Honoring Those Who Matter (Spoiler: It’s Everyone)

Honoring Those Who Matter (Spoiler: It’s Everyone)

Who remembers what commentary is? We do! It’s when someone asks a question about a text or a story and then creates an answer to it. We learned a lot of commentaries about Migdal Bavel (the Tower of Babel), and last week we were at it again. We unpacked three commentaries about David. They all deal with noticing and appreciating the things and people that aren’t easy to appreciate.

A pre-K kid sits on a 3rd graders lap for a baking project.

The first two commentaries explain that while David generally thought God made good choices in creating the world, he couldn’t understand why God bothered with spiders and wasps. He scorned them and doubted their usefulness. But a spider and a wasp each ended up saving David’s life, and he gained a new appreciation for them.

First, we used these stories as a jumping off point to unpack doubt. I asked the shorashim (1st graders) if they have ever doubted anything:

  • I doubted that it was a good choice when my sister put her bowl of cereal on the edge of the table.
  • I doubt that picking up pennies on tails actually means bad luck.
  • I doubt that unicorns are real.

A group of students laugh through a drama activity together.

Then I asked them to think of something they doubted the usefulness or importance of. How can we appreciate that thing anyway?

  • Mosquitos are super annoying and they bite you, but also they lay eggs in really cool cone shapes.
  • I think people who won’t stop talking ever are super annoying, but they might say something kind or helpful.
  • I don’t like the cold and dark in winter, but I think snow is super pretty and fun.

A third grader helps a Pre-K kid practice her aleph-bet.

David learned that everything, including spiders and wasps, are important and contribute to our world, even if it’s not initially obvious how. What do we contribute to our world and the various groups and communities we are part of? Noa asked the garinim (pre-K and K kiddos) what makes them who they are. Here are some of their answers:

  • Painting, coloring, safe, love, musical, big sister, rockstar
  • Fun, helpful, clean, coloring, healthy, loving, little brother, dress-up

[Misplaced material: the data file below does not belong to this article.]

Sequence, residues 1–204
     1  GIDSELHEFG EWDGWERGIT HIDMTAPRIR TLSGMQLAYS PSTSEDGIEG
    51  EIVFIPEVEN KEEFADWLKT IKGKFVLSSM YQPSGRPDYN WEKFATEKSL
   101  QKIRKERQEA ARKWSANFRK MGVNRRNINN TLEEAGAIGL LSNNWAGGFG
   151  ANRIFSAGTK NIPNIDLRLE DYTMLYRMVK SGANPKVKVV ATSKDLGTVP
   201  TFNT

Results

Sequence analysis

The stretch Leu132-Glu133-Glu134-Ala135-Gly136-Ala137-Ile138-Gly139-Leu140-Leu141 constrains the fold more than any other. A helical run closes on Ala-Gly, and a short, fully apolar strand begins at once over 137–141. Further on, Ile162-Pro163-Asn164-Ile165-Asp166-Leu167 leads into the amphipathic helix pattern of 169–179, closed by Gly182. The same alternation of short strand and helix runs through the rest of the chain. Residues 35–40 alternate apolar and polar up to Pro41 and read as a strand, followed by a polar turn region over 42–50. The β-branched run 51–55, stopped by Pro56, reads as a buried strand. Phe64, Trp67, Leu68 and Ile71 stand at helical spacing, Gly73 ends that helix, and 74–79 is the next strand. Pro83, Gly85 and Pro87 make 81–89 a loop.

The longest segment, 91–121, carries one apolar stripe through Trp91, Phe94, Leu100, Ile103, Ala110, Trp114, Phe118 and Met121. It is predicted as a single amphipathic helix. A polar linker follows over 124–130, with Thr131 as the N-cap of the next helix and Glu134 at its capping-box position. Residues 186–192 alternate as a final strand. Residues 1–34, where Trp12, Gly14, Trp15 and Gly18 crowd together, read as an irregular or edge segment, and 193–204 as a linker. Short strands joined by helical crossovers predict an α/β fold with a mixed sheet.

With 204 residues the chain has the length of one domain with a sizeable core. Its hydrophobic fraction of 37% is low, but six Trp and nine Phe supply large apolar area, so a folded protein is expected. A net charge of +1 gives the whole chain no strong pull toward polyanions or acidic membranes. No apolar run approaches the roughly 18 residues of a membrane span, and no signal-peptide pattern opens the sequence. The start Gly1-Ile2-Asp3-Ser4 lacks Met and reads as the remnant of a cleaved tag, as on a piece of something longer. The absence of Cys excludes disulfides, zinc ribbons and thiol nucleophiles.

• Caring, safe, loving, writing, ballet dancer
  • Coloring, loving, big brother, crazy, smart, rockstar, curious, safe
  • Sharing, girly-girl, scientific, learner

Two first grade students make spider crafts about what makes them great.

The third commentary asserts that we should honor everyone we learn from, even if we learn from them as little as one letter. How do we know? Because David, who was a king and a pretty smart and important person, learned no more than two things from his friend Ahitophel, and still called him his master, his guide, and his beloved friend. That’s some serious respect!

A kiddo works on an art project.

What are ways that we can honor someone we learn from?

  • Say thank you
  • Treat them like they’re really special (even if it doesn’t seem like there’s anything especially special about them)
  • Show them total respect
  • Kiss them (like if you’re married to them)
  • Give them hugs
  • If it’s a kid, have a playdate with them. If it’s a grownup, give them a dollar.
  • It’s hard because everybody teaches me things
  • We share our toys with them

So what about you? What are ways you like to be appreciated for your contributions to your communities? What are ways you show appreciation to others? We want to give a big thank you for all the ways you and your families contribute to Makom Community! We are so grateful to learn from and with you all. 

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